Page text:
Saturday, February 09, 2008

Real-life drama flies high



A PREGNANT stewardess catches her pilot husband in a rendezvous with his mistress. The wife snatches the other woman’s handphone and hurls it into a pond. Incensed, the mistress, who is a flight attendant, slaps her rival.

The scene is from:

A) Thai soap opera.

B) Real life.

C) All of the above.

The answer is B. It is a snapshot from the life of 45-year-old retired Thai Airways cabin crew Royreudee Kenny.

The answer could also be C as Royreudee’s semi-autobiographical novel is the inspiration for Thailand’s steamy soap opera Songkram Nang Fah (The Air Hostess War).

However, although the soap opera has scenes of stewardesses slapping each other over a two-timing pilot, the producer has no plans to include this particular catfight.

The soap opera bubbled into controversy on Jan 21 when flight attendant representatives of Thai Airways and Bangkok Airways urged the Thai government to axe the primetime drama series because it showed stewardess wearing short skirts and fighting while in uniform.

In July 2006, under the pseudonym Airky (a combination of “air” and “ky”, which sounds like the Thai word for “old”), Royreudee posted her life story in, a popular Thai websites, to fulfil her dream of becoming a writer.

The granddaughter of renowned Thai novelist Por Indrapalit also felt she was mature enough to write about her life without being ashamed of it.

Her Internet postings became an instant hit in Thailand. And in March 2007 she published her postings as a 135 baht (RM14) novel titled Cheewit Rantod – Ruangjing Phan Comp (The Melancholic Life – A True Story from the Computer).

The 200-page bestseller, which is 95% based on Royreudee’s life, tells the story of a 21-year-old innocent stewardess “Rin” who falls in love with “Ning”, a tall, dark and handsome pilot, in January 1981. Four years later, Ning marries Rin because of an unplanned pregnancy.

In their 15-year marriage, Ning was notorious in Thai Airways for his extra-marital affairs with stewardesses. One of his gigs (Thai slang for part-time lover), “Cherry”, was so passionately in love with him that she set out to destroy his marriage.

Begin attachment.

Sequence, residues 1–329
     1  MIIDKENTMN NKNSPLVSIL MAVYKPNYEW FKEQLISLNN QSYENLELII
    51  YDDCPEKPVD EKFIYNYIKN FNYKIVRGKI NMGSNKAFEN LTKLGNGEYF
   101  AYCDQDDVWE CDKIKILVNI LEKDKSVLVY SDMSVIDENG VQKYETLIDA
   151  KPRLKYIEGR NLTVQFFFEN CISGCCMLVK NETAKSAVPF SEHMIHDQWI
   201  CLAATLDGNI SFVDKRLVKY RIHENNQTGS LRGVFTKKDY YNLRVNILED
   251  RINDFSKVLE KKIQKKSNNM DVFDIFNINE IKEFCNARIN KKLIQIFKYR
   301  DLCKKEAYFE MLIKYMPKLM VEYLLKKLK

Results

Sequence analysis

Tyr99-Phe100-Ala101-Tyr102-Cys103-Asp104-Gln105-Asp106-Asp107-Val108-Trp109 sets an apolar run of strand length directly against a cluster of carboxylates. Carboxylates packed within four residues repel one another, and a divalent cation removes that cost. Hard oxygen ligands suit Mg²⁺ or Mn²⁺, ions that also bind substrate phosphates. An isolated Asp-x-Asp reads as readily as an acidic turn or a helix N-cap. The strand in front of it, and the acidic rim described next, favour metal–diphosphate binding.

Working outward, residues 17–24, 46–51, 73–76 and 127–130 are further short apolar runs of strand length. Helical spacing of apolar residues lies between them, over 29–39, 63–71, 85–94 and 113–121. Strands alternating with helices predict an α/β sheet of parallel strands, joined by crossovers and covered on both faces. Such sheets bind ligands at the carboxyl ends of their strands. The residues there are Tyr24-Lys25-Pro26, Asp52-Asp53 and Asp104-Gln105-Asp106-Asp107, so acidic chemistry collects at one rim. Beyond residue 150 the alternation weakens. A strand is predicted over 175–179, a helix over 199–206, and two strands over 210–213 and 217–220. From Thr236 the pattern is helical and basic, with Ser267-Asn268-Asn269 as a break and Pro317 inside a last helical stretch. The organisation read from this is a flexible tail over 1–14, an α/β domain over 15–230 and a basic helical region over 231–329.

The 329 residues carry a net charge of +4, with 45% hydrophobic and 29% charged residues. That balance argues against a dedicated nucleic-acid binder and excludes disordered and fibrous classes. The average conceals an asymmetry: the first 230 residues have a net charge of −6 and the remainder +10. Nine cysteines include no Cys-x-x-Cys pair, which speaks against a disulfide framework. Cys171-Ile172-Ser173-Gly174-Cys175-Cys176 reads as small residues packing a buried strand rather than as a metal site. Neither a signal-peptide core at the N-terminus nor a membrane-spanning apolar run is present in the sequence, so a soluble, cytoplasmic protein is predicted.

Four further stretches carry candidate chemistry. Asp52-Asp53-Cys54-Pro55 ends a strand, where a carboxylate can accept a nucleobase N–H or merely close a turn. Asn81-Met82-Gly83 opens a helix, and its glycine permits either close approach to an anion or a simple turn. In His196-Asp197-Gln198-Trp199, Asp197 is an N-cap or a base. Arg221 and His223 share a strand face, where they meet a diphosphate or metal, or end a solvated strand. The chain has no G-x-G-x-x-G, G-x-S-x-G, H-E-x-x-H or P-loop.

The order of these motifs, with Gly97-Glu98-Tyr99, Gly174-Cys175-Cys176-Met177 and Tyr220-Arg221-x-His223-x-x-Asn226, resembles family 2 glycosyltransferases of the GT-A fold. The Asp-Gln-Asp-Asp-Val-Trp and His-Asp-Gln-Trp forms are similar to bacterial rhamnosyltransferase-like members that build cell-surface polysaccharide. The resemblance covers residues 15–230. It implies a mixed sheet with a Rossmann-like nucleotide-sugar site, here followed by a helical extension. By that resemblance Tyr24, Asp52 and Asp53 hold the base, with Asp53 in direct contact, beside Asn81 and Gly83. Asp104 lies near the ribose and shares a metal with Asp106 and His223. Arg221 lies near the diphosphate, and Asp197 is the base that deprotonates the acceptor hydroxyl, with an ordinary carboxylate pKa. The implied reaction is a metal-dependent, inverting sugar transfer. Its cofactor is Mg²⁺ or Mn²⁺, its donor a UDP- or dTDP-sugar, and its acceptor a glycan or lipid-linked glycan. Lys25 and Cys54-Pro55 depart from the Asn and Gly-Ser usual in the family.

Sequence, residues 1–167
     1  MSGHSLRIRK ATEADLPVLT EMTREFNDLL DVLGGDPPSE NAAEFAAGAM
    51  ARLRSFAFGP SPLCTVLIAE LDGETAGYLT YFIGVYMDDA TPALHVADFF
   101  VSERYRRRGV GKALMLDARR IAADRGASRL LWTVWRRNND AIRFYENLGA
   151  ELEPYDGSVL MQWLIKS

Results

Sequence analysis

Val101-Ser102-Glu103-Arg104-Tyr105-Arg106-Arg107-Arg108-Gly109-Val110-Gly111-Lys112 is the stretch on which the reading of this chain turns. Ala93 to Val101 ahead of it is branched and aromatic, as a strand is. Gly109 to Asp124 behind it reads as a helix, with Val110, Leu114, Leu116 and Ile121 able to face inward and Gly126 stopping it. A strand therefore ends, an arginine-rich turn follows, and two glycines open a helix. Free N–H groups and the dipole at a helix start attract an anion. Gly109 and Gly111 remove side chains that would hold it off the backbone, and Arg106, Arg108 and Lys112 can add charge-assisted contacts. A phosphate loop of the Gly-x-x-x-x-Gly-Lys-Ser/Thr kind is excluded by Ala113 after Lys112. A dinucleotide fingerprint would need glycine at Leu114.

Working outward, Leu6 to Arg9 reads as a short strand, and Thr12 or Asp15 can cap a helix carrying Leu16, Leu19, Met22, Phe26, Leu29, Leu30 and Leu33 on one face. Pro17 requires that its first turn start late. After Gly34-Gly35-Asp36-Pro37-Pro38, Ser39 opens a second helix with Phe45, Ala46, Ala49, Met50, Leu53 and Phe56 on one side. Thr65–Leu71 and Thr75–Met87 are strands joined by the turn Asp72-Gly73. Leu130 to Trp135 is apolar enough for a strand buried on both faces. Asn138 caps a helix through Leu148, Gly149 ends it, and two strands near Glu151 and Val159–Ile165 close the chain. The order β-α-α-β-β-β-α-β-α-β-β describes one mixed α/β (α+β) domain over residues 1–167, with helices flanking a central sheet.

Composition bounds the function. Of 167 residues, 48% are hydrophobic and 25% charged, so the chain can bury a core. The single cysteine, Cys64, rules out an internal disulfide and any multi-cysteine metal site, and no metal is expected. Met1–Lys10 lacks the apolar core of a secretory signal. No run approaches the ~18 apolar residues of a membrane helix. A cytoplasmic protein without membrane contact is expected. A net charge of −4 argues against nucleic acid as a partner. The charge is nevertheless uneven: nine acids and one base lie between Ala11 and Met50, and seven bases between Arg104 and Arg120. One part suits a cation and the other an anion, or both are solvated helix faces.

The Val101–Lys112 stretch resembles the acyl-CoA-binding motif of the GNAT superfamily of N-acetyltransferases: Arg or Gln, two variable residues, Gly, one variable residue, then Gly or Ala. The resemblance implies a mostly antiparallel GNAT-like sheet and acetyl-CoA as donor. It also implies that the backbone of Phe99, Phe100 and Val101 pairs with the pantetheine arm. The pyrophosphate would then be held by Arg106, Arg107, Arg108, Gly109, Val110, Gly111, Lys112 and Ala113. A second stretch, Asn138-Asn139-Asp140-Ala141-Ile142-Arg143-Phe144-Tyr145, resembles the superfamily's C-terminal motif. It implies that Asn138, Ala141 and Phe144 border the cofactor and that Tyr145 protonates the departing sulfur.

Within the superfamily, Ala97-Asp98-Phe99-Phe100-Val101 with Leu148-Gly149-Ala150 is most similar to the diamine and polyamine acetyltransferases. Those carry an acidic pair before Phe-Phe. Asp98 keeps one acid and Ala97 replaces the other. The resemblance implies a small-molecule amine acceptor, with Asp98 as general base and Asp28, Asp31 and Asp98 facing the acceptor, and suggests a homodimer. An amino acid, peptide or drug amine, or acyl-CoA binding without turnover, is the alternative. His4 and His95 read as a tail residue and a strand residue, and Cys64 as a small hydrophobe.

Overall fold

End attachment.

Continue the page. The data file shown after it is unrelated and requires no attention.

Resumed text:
For example, whenever Ning was out flying, Cherry would drive to the couple’s house to shout, “I wish you and your baby will die. I wish your baby will have no hair, no ears and no heart,” to Rin who was into her second pregnancy.

In 1995, Cherry, then Ning’s mistress, phoned Rin to tell her about her rendezvous with the pilot. It was then that the six-month pregnant wife rushed to confront them.

“I hurled her handphone into the pond. She tried to slap me but missed. Then she bit me,” Royreudee relates, showing a 13-year-old scar on her left hand. “My husband was restraining me so I spat at her but missed.”

That night Rin was hospitalised as the catfight caused complications to her pregnancy.

After three weeks in hospital, Rin received a phone call from the mistress who hissed: “Hey pitiful woman, how I wish you and your baby would die. Anyway I pity you so I’ve sent your husband to visit you for a while. He is wearing a white polo shirt and in five minutes he will be in your room.”

At that moment Ning entered the hospital room wearing a white polo shirt. Rin sprang from the bed and shoved a table at him. He slapped her, causing her to collapse to the floor.

That night Rin had a miscarriage. After losing her baby, she did not talk to anyone for two years. And she had to seek psychiatric help.

Finally, Rin divorced Ning in 1996, keeping custody of their two children. Two years ago, Ning married his 40-something mistress Cherry and they have a one-year-old child.

“He is still flirting with younger flight attendants. I know as I still have friends in Thai Airways,” relates the former stewardess who quit flying in 1995. “The destroyer is still chasing these girls to destroy them.”

What’s her take on Songkram Nang Fah which premiered on Jan 14?

“It was as if I was watching a soap opera and not my life,” says Royreudee, with a smile. “Many things (in the series) are different from my life.”

(Published in The Star on Feb 9, 2008, in The Nation on Feb 13, 2008 and AsiaNews on Feb 15-21, 2008)